With increasing incidence of EC in younger women, increasingly women are likely to seek conservative management options. Progestin therapy is widely accepted as the main fertility-sparing treatment for young women with AEH and well-differentiated EC and acquire satisfactory results(5–7). However, there are still about 20% of these patients who failed to achieve CR, and lost fertility after hysterectomy(11). Side-effects or contraindications of progestins, such as weight gain or liver dysfunction call for alternative regimes other than oral high dose progestins.(12) .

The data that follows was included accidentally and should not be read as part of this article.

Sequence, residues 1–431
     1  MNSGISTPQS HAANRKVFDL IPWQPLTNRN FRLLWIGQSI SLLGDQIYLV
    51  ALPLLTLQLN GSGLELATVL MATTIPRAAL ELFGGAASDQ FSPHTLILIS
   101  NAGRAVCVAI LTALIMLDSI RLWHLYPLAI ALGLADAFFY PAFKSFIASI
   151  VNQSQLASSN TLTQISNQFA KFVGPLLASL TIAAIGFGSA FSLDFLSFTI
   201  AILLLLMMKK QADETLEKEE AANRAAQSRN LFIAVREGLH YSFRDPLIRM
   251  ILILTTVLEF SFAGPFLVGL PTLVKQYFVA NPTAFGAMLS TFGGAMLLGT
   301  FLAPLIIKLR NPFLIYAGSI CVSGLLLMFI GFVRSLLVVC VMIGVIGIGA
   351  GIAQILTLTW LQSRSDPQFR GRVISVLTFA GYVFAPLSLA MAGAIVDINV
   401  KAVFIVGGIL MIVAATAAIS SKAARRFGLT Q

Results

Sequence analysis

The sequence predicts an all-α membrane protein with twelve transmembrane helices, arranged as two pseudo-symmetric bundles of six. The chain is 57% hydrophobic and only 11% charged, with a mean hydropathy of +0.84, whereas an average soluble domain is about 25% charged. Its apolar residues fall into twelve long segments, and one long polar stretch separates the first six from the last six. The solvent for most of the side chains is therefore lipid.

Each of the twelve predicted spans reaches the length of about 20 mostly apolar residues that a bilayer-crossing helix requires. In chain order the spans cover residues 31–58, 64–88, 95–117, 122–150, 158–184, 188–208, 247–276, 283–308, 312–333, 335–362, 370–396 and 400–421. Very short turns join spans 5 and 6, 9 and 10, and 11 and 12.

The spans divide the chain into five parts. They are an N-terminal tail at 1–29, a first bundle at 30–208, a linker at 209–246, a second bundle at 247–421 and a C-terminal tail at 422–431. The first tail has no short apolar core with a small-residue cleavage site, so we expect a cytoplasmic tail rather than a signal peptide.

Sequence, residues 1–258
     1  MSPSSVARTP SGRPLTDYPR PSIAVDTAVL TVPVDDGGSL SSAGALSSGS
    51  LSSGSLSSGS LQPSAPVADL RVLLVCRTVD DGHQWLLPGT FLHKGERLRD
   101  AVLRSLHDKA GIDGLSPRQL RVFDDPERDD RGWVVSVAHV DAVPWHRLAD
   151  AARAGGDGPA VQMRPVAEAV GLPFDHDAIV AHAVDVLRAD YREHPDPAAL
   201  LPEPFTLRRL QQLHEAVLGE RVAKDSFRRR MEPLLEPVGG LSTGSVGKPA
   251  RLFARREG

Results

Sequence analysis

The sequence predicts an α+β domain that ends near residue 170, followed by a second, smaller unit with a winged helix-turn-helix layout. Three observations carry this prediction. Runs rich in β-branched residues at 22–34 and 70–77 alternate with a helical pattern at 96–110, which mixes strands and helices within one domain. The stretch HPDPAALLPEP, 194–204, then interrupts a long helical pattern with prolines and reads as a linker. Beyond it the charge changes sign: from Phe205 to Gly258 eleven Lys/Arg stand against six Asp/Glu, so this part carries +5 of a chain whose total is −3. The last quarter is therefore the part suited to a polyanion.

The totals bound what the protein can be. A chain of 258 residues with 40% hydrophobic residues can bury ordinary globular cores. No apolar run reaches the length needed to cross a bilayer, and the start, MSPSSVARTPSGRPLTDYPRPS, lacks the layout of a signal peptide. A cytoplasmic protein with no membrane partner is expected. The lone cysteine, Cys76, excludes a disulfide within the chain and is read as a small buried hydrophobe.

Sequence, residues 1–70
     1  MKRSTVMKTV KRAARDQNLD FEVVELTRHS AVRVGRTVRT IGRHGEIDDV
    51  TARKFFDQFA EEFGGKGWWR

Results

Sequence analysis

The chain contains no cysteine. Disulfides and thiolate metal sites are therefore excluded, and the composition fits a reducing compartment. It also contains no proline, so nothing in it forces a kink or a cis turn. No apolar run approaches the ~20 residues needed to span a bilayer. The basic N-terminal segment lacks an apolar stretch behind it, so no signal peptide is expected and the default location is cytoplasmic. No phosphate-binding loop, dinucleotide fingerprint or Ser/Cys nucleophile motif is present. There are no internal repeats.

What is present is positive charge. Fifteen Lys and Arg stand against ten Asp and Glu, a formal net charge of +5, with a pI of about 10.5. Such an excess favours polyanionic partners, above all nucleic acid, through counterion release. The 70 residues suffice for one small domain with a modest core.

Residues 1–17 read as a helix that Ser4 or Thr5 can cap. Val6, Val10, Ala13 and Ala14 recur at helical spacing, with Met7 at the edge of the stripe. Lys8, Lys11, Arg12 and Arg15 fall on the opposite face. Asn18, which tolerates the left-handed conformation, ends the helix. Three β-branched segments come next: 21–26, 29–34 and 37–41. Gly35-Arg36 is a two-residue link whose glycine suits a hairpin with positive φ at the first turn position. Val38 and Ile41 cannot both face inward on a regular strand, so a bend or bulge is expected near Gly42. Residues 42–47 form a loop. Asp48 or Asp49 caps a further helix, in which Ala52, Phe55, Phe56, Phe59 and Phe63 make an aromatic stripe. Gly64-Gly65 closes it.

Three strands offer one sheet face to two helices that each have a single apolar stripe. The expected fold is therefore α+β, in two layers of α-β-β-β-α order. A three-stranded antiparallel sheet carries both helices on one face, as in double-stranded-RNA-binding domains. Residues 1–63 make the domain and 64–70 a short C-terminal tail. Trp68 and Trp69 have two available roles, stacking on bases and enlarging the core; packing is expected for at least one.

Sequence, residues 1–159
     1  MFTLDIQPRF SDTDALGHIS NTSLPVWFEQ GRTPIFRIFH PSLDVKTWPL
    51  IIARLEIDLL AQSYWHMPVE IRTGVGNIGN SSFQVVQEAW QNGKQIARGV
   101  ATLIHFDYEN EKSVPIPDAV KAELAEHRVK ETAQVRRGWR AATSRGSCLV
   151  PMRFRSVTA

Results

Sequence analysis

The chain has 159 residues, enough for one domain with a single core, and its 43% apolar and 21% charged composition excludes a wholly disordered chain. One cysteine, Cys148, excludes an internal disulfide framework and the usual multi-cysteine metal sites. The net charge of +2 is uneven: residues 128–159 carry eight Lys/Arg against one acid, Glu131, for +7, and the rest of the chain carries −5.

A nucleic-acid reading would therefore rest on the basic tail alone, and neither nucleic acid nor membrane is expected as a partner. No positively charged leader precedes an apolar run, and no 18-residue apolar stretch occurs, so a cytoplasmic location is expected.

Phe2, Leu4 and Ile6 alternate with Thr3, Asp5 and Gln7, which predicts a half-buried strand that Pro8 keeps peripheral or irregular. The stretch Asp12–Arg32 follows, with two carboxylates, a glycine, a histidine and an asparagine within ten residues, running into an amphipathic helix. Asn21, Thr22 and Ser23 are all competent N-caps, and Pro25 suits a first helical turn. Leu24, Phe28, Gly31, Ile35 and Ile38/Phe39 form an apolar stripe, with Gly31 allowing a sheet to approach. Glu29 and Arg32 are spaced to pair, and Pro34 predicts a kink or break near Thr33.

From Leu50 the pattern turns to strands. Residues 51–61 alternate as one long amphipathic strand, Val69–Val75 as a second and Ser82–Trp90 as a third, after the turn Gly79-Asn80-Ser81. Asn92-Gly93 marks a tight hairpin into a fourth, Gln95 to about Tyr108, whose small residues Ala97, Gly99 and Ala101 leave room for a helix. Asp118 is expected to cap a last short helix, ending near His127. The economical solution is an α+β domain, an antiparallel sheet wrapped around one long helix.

GnRHa is a group of synthetic compounds which are derived from natural GnRH through substitution of amino acids at position 6 and/or 10(13). Some studies revealed that GnRHa can affect endometrial cell proliferation not only through the hormonal axis indirectly, but also by acting on the GnRH receptors directly(14, 15). Therefore, GnRHa could be used in the treatment of endometrial diseases due to its antiproliferative effect on endometrial cells. But the use of GnRHa is still experimental and did not achieve clinical practice. The application of GnRHa for endometrial diseases was initially reported for the management of patients with recurrent EC, resistant to other treatment modalities, with a regression rate as high as 35%(16, 17). LNG-IUS represents a newly available delivery system for EC treatment(18). It could provide local intrauterine concentrations many-fold higher than oral progestins. Some researchers used LNG-IUS solely or in combination with GnRHa and reported encouraging results(9, 19, 20). Letrozole is the third-generation AIs, which can reduce the levels of estrogen by inhibiting estrogen synthesis leading to a reduction in the receptor-mediated growth stimulated in estrogen receptor positive tumors such as EC. Combination of GnRHa and AIs has been reported as an option for preserve women’s fertility with EC and AEH(21, 22). In this study, we reported a series of patients with EC and AEH treated with GnRHa plus LNG-IUS/AIs. The preliminary results show an encouraging result a little better than or at least comparable to previous oral-progestin studies (23, 24).